London — The son of a London bus driver, Sadiq Khan has had a remarkable rise into the upper echelons of British politics. He grew up with seven siblings in a three-bedroom home in public housing and attended state schools before becoming a human rights lawyer and then a senior government minister.
Now Mr. Khan, 45, a lawmaker and former transport minister for the opposition Labour Party, is the favorite in the battle to become the next mayor of London. He would succeed Boris Johnson, the extroverted Conservative who has held the post since 2008 and is a leading figure in the campaign for Britain’s departure from the European Union.
A victory on Thursday would make Mr. Khan the first Muslim to lead the city, where one in eight residents adheres to that faith, and when Britain is struggling to integrate minorities and combat radicalization.
Londoners have elected their mayor directly only since 2000, and just two politicians have held the post: Mr. Johnson and Ken Livingstone, who ran as an independent in 2000 and then for Labour in 2004.
Mr. Khan’s election would be a boost for the Labour Party at a time when Prime Minister David Cameron’s Conservatives are deeply divided on Europe. It would also probably strengthen the position of Labour’s left-wing leader, Jeremy Corbyn, who is at odds with many of his own lawmakers, and whose leadership has been embroiled in a dispute about anti-Semitism in party ranks.
But the main policy battles being fought on the streets of London relate to the problems confronting a city that has an acute shortage of affordable housing and a creaking and overcrowded mass transit network. Mr. Khan’s closest rival is Zac Goldsmith, the Conservative candidate, who says he wants to make London “the greenest city in the world.”
The two have battled over issues like transportation and how to build more homes to relieve London’s sky-high real estate and rental costs. Mr. Khan points to the fact that the average rent in London is equivalent to 55 pounds, or about $80, a night — the price of a decent hotel in many European capitals. And Mr. Goldsmith has said the overcrowded conditions endured by London commuters “would be illegal for chickens, pigs and cattle.”
Appropriately, perhaps, for a globalized city that accommodates the extremes of wealth, Mr. Khan and Mr. Goldsmith are living examples of London’s diversity.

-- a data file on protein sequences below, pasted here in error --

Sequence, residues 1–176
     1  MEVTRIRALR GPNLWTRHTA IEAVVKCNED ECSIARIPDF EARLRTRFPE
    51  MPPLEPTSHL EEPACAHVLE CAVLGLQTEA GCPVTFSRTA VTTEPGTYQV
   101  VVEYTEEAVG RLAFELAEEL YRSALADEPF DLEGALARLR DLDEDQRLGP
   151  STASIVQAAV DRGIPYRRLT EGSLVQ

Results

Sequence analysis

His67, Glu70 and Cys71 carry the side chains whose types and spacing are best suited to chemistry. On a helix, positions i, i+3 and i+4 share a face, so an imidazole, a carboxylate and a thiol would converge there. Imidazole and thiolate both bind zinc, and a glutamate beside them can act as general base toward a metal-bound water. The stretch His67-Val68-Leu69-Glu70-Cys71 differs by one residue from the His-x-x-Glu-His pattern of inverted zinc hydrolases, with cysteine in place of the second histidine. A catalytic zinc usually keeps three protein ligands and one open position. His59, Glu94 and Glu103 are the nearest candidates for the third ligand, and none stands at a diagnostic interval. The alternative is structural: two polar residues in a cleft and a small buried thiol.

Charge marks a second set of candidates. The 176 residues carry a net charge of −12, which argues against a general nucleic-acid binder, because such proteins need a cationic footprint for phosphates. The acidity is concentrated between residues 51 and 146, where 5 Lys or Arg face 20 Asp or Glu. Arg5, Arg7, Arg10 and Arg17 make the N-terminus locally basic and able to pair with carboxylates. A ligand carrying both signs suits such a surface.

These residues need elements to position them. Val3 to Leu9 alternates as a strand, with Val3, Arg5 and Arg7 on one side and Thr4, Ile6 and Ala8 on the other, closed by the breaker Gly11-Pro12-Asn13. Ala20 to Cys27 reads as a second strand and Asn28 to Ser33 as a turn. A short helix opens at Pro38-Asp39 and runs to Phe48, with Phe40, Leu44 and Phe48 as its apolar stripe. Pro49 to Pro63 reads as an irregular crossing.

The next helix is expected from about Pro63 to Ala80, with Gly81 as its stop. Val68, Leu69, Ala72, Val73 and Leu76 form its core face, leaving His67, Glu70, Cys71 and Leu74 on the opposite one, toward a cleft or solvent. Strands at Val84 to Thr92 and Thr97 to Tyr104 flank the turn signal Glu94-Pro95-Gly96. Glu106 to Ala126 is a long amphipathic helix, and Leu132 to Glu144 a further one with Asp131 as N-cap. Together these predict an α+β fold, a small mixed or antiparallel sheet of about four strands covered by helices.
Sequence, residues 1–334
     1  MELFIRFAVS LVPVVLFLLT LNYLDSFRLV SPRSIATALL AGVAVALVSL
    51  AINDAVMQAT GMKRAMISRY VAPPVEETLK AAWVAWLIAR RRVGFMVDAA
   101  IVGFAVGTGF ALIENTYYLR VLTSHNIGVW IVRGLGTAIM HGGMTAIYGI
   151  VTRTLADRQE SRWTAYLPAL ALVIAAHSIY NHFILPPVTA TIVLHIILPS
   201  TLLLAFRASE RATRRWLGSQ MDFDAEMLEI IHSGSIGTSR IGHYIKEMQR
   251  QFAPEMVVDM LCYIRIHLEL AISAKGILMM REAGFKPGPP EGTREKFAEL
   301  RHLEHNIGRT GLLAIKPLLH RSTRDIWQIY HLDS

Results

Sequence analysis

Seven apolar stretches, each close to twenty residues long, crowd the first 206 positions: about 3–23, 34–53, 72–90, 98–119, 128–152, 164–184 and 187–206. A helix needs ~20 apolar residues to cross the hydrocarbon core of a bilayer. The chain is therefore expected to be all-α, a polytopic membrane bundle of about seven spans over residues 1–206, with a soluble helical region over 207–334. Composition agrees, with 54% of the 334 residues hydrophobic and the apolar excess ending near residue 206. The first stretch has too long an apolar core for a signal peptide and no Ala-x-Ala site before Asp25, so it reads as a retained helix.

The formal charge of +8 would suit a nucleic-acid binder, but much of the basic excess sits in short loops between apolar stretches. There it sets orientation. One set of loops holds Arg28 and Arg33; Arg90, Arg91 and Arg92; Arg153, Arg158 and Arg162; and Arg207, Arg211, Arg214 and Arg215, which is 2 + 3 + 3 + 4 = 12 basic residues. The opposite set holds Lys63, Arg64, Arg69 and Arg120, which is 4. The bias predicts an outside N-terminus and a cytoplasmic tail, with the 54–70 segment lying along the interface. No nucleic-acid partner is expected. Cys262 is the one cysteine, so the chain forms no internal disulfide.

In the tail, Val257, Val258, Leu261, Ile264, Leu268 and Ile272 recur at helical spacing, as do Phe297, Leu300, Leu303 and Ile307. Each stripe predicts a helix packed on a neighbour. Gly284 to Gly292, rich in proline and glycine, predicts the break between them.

Mr. Goldsmith, 41, a son of the tycoon Sir James Goldsmith, inherited a fortune and was educated at Eton College, Britain’s most exclusive school. He edited the magazine The Ecologist, founded by his uncle, and was elected to Parliament in 2010.
The fight between the two main contenders has not been pretty, bringing delicate issues of ethnicity and religion into a mayoral election in a way never seen here before.
Mr. Goldsmith has described Mr. Khan as dangerous and without principle and said it was his job to do everything he could “to prevent London falling into the wrong hands.”
Mr. Khan has suggested that Mr. Goldsmith has run a desperate and divisive campaign, has targeted voters on religious or ethnic lines, and has no track record suggesting he could perform as London mayor.
Mr. Goldsmith has also accused Mr. Khan of giving tacit support to extremists by speaking on the same platform in the past as those who espoused radical views or who had been accused of supporting terrorists, when he was a human rights lawyer and campaigner.
When Mr. Cameron repeated the claims in Parliament, he was met with cries of “racist” and accused by one opponent of “dog whistle” politics.
Part of Mr. Khan’s pitch to Londoners is that, as an observant Muslim (he does not drink), he has a plan to tackle extremism and that like many people in London he has “multiple identities.”
“I’m a Londoner, I’m European, I’m British, I’m English, I’m of Islamic faith, of Asian origin, of Pakistani heritage, a dad, a husband,” Mr. Khan said in an interview recently in a cafe, before accusing his main opponent of seeking to “divide communities.”
Mr. Khan routinely highlights his humble origins, but he has been careful not to attack Mr. Goldsmith over his wealth.
“I don’t hold his background against him,” Mr. Khan said. “None of us are responsible for who our parents are — our families — that’s not fair. My point is: What experience does he have to be mayor of London? What is his vision? What are his values?”
Mr. Goldsmith says his privileged upbringing is irrelevant.
“I don’t have to be in a wheelchair to know that it is not just that people in wheelchairs can’t use our public transport system,” he said in an interview, describing efforts he has made to improve access to the subway system. “You either care about issues or you don’t, and if you do you solve them, and I have done that.”
Mr. Goldsmith has also attacked Mr. Khan over policy shifts — including his newfound opposition to the expansion of Heathrow Airport near London — and what he criticizes as opportunism because Mr. Khan, who nominated Mr. Corbyn in last year’s Labour Party leadership contest, did not vote for him and has since distanced himself from his party leader.
On Heathrow, Mr. Khan said that as a government minister, and then as opposition spokesman, he had accepted a collective position favoring expansion, but that he had changed his mind because of new evidence about air pollution.
The personalization of the campaign underlines the lack of deep policy differences confronting Londoners, analysts said.
Neither candidate has challenged London’s existing model of openness to immigration and investment, allied to rapid economic growth, said Tony Travers, the director of a research group on London at the London School of Economics and Political Science.
In policy terms, “it is hard to argue that they are radically different from each other,” he said.